US counterterrorism official describes information from Bin Laden compound
WASHINGTON, DC (PAN): Al Qaeda leader Osama bin Laden, who was killed by US forces in a raid in Abbottabad, Pakistan in May, was not only concerned about the long-term viability of his terrorist outfit, but also knew that he had failed to portray the US as being at war with Islam, a top White House counter-terrorism official said.
“Information seized from that compound reveals bin Laden’s concerns about Al Qaeda’s long-term viability,” John Brennan, a top counterterrorism advisor to US President Barack Obama, said in a speech at the Paul H. Nitze School of Advanced International Studies.
“He called for more large-scale attacks against America, but encountered resistance from his followers, and he went for years without seeing any spectacular attacks. He saw his senior leaders being taken down, one by one, and worried about the ability to replace them effectively,” he said.
“With the death of Osama bin Laden, we have struck our biggest blow against Al Qaeda yet. We have taken out Al Qaeda’s founder, an operational commander who continued to direct his followers to attack the United States and, perhaps most significantly, Al Qaeda’s symbolic figure who has inspired so many others to violence,” Brennan said.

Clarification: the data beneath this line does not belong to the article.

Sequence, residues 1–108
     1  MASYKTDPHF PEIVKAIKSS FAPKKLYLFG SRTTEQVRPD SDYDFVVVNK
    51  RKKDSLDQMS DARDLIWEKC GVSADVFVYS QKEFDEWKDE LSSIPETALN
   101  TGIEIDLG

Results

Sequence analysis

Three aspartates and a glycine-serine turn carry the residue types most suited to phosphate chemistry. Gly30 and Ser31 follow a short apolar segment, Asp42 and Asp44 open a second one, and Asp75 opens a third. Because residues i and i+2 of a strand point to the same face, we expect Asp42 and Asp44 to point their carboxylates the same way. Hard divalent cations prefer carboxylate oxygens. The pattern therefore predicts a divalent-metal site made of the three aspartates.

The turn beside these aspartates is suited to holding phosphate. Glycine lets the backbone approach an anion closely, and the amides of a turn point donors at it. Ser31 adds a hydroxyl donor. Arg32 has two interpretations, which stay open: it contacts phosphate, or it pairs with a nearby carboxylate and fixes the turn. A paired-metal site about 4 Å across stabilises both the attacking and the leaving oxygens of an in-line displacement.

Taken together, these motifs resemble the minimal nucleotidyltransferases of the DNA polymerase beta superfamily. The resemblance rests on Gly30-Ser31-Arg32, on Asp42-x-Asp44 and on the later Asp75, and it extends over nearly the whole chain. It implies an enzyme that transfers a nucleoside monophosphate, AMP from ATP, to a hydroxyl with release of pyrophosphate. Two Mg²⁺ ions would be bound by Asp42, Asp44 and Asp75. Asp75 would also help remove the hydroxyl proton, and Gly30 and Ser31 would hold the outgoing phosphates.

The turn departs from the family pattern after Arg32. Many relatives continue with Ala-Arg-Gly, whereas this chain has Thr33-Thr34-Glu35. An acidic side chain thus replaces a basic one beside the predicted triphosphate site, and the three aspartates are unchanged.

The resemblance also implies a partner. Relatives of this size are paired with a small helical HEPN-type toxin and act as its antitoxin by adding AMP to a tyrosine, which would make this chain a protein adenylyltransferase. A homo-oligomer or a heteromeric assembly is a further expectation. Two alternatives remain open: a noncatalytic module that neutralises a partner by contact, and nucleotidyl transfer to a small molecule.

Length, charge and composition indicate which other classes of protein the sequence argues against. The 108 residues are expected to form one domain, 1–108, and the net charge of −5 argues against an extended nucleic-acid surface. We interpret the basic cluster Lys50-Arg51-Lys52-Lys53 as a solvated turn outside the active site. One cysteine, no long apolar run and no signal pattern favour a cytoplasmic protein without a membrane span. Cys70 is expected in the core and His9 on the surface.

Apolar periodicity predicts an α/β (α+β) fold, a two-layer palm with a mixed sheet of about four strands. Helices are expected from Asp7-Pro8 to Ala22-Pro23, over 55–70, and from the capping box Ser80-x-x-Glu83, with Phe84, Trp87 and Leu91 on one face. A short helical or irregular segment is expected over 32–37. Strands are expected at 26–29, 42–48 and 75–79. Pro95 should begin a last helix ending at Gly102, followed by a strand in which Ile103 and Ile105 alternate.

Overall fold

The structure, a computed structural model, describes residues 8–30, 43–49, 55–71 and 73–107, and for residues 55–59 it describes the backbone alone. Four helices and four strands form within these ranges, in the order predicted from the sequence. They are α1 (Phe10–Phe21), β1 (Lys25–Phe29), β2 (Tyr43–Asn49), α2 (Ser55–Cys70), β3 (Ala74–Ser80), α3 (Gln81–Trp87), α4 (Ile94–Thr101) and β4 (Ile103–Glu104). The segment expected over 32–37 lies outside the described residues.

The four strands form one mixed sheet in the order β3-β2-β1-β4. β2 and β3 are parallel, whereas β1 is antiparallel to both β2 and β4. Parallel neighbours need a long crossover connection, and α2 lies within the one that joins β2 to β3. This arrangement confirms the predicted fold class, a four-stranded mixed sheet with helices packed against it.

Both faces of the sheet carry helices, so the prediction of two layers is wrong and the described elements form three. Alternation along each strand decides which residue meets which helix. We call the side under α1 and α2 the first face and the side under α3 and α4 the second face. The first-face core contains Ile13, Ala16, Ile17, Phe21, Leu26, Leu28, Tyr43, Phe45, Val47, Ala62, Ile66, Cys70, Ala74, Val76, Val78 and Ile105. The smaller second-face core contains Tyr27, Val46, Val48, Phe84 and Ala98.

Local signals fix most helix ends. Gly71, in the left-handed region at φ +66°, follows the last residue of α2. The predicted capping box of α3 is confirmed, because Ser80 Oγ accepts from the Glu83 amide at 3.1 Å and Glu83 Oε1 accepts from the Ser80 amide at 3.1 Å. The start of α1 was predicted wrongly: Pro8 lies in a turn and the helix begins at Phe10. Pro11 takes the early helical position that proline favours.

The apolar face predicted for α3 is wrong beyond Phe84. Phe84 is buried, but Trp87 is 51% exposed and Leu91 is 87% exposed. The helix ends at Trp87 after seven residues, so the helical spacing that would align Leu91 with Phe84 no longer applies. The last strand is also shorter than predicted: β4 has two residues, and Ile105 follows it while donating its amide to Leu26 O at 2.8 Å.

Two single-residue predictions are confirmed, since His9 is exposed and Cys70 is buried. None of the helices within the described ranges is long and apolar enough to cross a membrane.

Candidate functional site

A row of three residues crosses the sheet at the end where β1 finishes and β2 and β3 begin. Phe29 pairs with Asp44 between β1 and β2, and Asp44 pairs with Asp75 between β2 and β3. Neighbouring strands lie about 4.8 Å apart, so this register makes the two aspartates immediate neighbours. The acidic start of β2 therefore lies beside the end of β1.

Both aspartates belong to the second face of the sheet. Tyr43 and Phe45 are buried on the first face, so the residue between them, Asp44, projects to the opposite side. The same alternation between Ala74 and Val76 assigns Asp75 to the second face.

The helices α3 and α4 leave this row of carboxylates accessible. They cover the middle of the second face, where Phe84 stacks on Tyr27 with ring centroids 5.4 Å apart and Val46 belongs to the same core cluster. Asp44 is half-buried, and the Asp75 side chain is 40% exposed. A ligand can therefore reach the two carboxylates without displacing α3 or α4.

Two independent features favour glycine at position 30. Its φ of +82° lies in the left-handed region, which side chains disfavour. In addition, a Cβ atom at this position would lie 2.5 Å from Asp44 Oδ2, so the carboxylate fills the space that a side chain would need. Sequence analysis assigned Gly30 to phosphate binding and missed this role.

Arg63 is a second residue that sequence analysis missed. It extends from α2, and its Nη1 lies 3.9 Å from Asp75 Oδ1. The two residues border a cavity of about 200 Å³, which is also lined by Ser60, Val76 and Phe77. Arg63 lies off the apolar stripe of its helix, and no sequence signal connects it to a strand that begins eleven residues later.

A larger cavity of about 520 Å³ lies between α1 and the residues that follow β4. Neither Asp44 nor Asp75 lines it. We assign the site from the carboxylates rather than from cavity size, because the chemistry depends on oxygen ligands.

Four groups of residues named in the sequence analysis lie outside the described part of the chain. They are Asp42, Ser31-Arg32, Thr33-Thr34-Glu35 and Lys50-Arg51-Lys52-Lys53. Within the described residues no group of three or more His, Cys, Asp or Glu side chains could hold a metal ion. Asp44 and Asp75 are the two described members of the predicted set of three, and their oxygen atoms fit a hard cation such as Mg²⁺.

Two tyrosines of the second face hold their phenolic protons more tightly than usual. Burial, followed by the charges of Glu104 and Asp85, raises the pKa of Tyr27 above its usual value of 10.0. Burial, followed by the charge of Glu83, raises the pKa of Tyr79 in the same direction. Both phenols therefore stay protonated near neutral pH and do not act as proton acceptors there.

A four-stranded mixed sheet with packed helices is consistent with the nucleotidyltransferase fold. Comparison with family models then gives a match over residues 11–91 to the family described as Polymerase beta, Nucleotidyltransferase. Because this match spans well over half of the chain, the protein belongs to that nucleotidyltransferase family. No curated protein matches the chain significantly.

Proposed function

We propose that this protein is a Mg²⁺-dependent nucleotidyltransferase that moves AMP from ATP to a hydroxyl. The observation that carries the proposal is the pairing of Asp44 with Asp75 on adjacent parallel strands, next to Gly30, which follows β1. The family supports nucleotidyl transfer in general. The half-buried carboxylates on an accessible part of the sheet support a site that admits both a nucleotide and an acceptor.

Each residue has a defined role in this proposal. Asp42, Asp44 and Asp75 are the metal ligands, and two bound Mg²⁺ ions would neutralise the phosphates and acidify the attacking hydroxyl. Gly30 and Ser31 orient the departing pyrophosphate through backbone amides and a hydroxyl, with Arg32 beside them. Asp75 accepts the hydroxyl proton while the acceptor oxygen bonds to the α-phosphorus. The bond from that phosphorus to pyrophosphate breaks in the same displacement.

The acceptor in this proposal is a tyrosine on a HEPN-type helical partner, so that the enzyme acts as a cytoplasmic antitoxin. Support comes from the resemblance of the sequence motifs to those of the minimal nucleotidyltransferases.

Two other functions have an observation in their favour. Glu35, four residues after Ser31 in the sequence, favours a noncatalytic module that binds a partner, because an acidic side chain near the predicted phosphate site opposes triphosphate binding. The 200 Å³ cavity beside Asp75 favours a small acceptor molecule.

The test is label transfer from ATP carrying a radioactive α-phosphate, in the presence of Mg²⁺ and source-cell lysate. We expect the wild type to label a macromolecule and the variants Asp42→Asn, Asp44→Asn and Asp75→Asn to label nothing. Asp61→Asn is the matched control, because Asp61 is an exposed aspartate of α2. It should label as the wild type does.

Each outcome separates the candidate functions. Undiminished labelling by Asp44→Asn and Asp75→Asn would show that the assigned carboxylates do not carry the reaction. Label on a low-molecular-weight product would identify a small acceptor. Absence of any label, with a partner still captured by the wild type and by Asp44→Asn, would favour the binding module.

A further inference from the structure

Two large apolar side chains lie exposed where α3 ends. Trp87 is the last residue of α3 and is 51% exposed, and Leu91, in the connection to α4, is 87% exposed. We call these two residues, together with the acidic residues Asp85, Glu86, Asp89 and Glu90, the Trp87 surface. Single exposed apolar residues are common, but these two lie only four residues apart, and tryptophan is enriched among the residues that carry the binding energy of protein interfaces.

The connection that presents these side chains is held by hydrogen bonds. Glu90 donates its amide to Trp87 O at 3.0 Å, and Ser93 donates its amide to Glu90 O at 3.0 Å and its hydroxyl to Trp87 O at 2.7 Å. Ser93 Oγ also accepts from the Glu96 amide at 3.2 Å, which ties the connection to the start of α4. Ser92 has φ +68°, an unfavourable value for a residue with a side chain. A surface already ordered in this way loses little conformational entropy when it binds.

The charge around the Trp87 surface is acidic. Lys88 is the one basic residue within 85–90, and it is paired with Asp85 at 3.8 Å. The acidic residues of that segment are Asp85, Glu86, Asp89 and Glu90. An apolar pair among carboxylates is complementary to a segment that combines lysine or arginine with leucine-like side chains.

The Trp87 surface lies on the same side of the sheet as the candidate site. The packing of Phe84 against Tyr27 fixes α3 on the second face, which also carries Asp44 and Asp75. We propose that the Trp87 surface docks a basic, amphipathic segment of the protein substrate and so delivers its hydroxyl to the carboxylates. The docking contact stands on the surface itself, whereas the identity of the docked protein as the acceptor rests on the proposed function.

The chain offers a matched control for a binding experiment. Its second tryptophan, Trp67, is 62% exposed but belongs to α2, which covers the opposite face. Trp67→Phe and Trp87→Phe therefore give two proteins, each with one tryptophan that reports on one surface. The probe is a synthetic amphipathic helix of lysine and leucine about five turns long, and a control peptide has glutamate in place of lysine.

According to a White House fact sheet, Bin Laden, clearly saw that Al Qaeda is losing the larger battle for hearts and minds. “Bin Laden knew that he had failed to portray America as being at war with Islam. He knew that Al Qaeda’s murder of so many innocent civilians, most of them Muslims, had deeply and perhaps permanently tarnished Al Qaeda’s image in the world,” the fact sheet said.
“He knew that he had failed to portray America as being at war with Islam,” Brennan said.
“In fact, he worried that our recent focus on Al Qaeda as an enemy had prevented more Muslims from rallying to his cause, so much so that he even considered changing Al Qaeda’s name,” he said. “We are left with that final image seen around the world -- an old terrorist, alone, hunched over in a blanket, flipping through old videos of a man and a movement that history is fast leaving behind,” he said.
“But this fight is not over. We will never waver in our efforts to protect the American people. We will continue to be clear and precise about our enemy. We will continue to use every tool at our disposal and apply them wisely and judiciously. We will continue to forge strong partnerships around the world and build a culture of resilience here at home,” Brennan said.
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